As I’ve recently posted, there are great little toys you can get at the dollar store that will do the job. But, sometimes you need something more. Something sturdy, durable, washable, AND fidgety. Today I’m excited to write about a new product I found called Fiddle Focus™ for Busy Fingers.  It’s made by Creative Educational Strategies and Services.  I had a great experience with one of my most fidgety Kindergarten kids ever. This product did the trick, so I’m happy to share my good luck with you.

*This post contains affiliate links

The Busy Hands tactile fidget is a tactile strip with four different patterns and materials set next to each other in a horizontal row.  There is velcro attached to the back, so you can stick it to the underneath of a desk or a table if that is convenient.

My Fidgety Kindergarten Case

“Danny” was a 5-year-old boy who presented with all the classic symptoms of ADHD.  He was inattentive, impulsive, and had a constant need to be moving.  I worked very closely with the special education teacher in his co-teaching kindergarten classroom to make sure that Danny’s environment was set up so that he could learn.  We tried a Seat Cushion for him, which helped him stay seated for longer periods of time. Then we added TheraBand to the legs of his chair, so he could kick while sitting at his Kindergarten work table.  We gave him a weighted vest to wear during circle time, which he loved.  So we had most of our bases covered.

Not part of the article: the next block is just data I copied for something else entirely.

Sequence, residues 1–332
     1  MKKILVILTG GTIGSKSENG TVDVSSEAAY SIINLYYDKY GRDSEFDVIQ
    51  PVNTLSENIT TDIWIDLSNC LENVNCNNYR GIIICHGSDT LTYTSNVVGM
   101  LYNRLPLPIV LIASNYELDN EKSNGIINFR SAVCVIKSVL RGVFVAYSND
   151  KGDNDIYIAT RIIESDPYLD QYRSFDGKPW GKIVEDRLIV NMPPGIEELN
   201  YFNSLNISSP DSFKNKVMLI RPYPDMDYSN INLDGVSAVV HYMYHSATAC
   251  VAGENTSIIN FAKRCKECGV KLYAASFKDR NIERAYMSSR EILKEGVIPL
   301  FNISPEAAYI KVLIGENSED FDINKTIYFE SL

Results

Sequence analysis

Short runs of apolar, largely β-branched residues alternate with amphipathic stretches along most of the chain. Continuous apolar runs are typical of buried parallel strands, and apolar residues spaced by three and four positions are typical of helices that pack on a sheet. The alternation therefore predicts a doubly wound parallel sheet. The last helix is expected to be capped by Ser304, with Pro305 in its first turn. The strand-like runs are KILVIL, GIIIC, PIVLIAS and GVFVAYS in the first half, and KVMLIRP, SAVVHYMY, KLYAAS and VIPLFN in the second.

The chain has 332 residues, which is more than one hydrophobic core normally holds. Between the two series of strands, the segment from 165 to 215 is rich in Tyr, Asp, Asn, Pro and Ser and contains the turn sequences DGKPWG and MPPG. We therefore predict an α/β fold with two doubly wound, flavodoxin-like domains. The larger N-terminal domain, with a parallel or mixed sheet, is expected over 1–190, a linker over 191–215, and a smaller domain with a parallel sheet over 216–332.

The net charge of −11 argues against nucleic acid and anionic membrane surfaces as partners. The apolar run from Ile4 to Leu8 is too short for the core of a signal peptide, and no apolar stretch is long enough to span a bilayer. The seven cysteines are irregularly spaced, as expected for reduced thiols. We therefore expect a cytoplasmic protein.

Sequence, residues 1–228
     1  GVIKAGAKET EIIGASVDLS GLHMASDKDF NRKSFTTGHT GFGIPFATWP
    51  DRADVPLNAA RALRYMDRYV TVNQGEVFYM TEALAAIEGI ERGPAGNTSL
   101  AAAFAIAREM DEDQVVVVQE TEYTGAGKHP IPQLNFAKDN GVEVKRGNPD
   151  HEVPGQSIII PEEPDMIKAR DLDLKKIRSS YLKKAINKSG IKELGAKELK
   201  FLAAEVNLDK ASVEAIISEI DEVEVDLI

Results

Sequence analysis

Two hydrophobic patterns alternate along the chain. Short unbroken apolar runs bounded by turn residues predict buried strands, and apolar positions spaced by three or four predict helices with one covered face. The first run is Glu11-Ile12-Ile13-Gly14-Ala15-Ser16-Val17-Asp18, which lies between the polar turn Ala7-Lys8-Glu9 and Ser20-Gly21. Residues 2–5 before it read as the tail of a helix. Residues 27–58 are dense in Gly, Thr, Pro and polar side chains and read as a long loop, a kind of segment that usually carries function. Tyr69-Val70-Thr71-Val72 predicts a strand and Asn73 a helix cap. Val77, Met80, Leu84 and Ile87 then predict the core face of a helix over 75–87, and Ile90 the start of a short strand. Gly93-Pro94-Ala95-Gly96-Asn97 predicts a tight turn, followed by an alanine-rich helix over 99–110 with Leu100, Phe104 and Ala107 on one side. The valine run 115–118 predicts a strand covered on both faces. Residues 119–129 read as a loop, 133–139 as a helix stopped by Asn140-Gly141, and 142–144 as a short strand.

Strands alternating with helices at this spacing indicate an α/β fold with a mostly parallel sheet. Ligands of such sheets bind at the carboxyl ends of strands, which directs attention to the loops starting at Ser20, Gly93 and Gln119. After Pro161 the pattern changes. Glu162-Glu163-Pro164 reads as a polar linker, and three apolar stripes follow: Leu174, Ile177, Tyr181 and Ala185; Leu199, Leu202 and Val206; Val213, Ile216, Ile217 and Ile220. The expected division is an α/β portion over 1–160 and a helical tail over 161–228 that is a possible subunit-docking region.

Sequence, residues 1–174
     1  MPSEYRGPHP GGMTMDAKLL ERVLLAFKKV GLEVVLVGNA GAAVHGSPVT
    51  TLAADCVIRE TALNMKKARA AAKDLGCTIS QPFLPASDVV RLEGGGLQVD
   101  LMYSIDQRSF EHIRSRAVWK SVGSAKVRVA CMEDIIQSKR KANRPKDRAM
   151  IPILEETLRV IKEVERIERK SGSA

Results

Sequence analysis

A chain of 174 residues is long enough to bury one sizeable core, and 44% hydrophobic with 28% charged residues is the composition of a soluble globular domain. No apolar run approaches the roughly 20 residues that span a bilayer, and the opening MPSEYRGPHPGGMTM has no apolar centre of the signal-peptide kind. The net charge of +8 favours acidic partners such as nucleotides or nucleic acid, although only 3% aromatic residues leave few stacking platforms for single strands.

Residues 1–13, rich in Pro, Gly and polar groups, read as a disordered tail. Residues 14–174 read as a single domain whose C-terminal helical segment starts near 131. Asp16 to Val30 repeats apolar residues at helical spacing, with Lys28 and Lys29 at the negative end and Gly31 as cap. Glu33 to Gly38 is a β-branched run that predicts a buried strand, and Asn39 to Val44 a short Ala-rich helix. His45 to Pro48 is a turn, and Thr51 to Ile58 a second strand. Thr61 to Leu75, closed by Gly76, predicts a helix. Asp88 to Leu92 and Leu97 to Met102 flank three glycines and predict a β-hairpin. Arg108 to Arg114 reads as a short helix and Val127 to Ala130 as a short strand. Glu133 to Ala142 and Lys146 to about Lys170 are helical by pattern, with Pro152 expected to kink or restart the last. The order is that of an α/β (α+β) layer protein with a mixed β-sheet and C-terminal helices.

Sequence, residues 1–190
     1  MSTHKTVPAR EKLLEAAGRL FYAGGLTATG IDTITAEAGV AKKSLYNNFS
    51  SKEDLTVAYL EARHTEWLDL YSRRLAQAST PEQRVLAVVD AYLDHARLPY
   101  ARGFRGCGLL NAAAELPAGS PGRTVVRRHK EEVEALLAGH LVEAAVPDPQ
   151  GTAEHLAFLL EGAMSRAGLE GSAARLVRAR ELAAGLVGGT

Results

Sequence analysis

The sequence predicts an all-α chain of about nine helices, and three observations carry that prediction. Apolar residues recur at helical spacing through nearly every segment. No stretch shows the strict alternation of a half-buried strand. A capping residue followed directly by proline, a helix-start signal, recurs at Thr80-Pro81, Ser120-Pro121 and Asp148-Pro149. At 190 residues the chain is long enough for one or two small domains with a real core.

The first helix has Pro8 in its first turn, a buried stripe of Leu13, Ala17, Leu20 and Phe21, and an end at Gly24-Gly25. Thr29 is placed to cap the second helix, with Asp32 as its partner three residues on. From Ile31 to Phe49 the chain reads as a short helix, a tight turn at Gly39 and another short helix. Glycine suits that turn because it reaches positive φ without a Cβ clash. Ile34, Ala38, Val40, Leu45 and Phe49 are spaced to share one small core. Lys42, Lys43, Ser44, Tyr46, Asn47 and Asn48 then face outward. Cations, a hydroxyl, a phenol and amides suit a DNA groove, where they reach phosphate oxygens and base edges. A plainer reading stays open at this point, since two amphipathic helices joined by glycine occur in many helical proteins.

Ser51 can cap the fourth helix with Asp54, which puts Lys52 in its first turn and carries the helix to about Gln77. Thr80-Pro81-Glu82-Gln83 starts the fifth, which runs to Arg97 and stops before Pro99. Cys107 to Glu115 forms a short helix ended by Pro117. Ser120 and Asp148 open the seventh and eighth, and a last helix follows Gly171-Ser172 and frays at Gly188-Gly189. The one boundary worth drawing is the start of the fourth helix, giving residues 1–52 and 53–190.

Except for his hands.

 Those fingers would seek out anything they could during lessons, resulting in untied shoelaces, tiny crayon wrappers all over the desk, you name it.  I decided to try out the Busy Fingers from Fiddle focus.  We had already tried Velcro under the table as a tactile fidget.  The problem was that he kept peeling it off.  Simply rubbing the Velcro wasn’t enough.